results for the American people. The contrast between this 
administration and the last one is most clear when it comes to 
prioritizing readiness for our Department of Defense and caring for our 
veterans.
  As those veterans in Congress know firsthand, shortchanging readiness 
on the front end will have long-term implications in the years that 
follow.
  We have the moral imperative to ensure that our young men and women 
who go into harm's way are never in a fair fight. We have an obligation 
to ensure that our forces are the best-trained, best-equipped, and 
best-led fighting force in the world. This obligation starts with 
prioritizing a stable and predictable budget and appropriations 
process.
  Our leaders in the Department of Defense must be able to forecast and 
anticipate training needs, and that means ending the trend of 
continuing resolutions that offer neither good fiscal discipline nor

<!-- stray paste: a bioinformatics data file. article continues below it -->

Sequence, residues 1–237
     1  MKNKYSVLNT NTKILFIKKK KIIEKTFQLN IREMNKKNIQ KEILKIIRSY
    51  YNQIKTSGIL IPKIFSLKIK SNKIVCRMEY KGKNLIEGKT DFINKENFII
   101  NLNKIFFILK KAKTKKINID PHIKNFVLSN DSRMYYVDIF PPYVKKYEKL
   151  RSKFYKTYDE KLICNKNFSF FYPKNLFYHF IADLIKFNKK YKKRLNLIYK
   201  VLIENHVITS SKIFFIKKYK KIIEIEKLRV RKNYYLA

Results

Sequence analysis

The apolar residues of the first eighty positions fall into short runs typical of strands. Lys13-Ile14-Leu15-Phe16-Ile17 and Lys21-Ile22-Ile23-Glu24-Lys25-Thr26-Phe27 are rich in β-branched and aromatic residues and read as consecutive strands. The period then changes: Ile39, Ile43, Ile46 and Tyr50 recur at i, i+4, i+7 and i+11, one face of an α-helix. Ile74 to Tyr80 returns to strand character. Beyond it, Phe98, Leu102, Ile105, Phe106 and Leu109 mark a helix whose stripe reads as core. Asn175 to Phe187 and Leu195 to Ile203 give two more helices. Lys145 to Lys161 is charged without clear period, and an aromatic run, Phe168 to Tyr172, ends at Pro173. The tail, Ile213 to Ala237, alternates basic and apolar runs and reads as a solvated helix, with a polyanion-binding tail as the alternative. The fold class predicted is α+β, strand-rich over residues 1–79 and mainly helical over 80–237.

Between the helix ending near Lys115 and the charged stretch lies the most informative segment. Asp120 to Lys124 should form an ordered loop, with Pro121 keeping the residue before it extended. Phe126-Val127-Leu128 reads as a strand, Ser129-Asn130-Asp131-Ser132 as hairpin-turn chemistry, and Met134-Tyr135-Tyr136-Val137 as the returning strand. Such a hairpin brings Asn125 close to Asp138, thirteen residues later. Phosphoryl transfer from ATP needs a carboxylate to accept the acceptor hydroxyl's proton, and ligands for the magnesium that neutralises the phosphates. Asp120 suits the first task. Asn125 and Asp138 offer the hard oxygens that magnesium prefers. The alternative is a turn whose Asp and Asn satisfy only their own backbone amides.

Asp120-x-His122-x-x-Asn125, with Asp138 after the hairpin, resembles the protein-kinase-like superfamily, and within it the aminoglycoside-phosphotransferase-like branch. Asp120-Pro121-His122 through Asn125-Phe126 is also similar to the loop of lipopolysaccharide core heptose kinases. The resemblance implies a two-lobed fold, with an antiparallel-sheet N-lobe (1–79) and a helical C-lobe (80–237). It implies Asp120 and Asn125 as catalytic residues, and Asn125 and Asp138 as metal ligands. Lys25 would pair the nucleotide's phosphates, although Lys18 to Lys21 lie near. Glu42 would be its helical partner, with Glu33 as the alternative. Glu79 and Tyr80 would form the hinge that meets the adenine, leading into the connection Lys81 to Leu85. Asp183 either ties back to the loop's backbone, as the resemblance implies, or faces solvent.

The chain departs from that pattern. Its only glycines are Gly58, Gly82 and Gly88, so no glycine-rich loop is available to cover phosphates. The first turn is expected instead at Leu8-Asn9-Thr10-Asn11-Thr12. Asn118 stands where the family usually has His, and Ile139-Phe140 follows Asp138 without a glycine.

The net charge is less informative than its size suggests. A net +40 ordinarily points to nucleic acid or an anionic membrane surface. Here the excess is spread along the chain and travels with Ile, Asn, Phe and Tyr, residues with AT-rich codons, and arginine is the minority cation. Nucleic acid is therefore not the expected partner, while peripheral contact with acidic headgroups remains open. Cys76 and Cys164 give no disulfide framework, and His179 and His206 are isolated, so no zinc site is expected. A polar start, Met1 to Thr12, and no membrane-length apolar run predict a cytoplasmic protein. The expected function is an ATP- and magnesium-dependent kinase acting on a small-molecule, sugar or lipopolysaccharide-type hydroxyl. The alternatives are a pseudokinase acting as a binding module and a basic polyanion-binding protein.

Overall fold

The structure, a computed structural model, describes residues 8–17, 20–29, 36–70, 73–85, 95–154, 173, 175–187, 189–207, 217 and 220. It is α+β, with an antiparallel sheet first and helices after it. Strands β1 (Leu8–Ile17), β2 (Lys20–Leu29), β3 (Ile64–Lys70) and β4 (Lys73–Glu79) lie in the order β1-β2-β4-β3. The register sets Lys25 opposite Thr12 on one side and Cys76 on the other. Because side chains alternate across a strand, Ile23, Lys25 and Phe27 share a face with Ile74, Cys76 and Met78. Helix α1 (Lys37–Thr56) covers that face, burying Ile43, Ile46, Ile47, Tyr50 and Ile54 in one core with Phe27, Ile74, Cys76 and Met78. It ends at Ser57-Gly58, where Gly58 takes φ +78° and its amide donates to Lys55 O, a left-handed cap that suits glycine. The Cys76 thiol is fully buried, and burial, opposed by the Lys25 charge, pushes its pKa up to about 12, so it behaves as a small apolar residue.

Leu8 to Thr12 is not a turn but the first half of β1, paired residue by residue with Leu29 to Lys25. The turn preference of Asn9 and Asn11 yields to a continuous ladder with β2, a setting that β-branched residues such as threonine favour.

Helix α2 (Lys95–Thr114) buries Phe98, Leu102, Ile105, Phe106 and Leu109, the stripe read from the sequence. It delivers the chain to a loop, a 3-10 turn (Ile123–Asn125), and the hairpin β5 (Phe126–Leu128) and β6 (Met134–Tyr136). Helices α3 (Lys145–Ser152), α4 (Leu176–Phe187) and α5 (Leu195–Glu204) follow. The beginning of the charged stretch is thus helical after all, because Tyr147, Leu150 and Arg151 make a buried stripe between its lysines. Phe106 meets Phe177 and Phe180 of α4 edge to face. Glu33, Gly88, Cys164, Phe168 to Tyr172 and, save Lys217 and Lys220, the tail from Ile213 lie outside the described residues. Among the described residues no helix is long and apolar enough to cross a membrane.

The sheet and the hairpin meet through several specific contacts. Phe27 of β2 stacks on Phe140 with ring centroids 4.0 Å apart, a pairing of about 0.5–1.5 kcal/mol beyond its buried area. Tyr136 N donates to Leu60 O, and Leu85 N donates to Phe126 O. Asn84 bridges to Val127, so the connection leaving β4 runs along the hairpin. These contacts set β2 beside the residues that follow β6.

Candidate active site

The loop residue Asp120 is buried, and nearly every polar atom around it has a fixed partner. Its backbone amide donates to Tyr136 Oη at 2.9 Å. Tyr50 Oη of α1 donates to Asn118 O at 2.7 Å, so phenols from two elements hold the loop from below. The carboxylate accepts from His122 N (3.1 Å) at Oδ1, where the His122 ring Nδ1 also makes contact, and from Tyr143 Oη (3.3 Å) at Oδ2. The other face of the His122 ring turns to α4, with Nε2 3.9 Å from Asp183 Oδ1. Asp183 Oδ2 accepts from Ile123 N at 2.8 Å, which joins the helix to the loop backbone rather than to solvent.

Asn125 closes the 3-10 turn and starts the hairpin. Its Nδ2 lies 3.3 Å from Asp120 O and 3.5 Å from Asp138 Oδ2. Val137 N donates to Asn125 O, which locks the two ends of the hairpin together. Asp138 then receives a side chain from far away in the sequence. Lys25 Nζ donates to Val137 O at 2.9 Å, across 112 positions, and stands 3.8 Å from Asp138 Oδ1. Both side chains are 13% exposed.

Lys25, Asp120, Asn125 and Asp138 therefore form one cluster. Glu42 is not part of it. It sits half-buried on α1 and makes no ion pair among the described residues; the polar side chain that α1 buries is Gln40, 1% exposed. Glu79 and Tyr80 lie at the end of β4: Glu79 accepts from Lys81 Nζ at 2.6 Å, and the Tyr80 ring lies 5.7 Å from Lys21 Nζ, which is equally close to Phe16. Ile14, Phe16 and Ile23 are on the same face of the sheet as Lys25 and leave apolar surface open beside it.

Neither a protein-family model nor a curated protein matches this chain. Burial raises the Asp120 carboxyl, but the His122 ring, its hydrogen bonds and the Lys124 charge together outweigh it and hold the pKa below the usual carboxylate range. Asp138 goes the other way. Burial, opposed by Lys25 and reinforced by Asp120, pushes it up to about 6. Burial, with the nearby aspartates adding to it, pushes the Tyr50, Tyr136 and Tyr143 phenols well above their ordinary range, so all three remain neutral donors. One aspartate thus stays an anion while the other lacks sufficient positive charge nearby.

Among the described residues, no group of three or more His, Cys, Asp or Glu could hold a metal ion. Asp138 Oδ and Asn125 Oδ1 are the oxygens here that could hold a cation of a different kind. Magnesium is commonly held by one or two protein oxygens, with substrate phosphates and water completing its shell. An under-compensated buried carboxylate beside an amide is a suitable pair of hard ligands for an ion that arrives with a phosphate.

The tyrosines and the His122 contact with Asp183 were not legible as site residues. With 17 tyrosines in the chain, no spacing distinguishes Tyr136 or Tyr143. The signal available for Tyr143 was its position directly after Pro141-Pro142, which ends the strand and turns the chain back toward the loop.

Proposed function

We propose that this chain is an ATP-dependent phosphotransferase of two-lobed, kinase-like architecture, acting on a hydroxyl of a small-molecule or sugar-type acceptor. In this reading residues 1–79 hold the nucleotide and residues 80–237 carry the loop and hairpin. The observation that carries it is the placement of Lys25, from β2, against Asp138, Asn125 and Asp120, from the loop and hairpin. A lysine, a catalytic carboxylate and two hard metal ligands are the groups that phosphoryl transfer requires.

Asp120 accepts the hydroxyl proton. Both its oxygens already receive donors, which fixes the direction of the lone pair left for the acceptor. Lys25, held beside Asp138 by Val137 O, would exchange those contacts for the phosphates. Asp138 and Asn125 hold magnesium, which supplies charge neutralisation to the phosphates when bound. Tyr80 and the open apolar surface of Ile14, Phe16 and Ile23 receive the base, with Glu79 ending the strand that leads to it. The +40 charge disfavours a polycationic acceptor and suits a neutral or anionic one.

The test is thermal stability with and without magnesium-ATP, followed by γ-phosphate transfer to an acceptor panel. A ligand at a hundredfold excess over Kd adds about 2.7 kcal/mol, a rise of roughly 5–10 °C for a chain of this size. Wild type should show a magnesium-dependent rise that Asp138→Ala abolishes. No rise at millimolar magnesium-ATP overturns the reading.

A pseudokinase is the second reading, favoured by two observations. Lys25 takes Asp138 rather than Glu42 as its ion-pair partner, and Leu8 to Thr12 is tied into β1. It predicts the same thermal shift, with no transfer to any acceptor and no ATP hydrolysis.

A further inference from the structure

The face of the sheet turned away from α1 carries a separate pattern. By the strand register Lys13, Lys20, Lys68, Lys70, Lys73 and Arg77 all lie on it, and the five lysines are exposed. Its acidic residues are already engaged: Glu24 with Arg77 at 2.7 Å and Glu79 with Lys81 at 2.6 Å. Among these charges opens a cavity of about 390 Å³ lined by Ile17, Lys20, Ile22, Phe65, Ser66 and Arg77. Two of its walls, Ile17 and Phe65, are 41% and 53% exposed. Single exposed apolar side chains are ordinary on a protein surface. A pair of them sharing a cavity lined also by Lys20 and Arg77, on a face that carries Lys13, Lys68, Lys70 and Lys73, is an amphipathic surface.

the ability to plan that our military leaders desperately need.
  Consider that two-thirds of our Army are not ready to deploy. Our 
Navy is smaller than it has been in 99 years, and our Air Force is the 
smallest ever and losing pilots at an alarming rate. These are not the 
marks of a ready force, and the work to rebuild must begin right now.
  However, it is important to look at prioritizing the needs of our 
servicemembers holistically. Just as we would not send them into harm's 
way without the training they need, we have an obligation to care for 
the injuries they sustained when they return home. Our veterans deserve 
and have earned the highest quality of care and to have that care 
delivered in a timely and efficient manner.
  Unfortunately, too often the VA does not have the power to remove 
substandard employees who are failing our veterans. The overwhelming 
majority of VA employees are hardworking and dedicated to their jobs,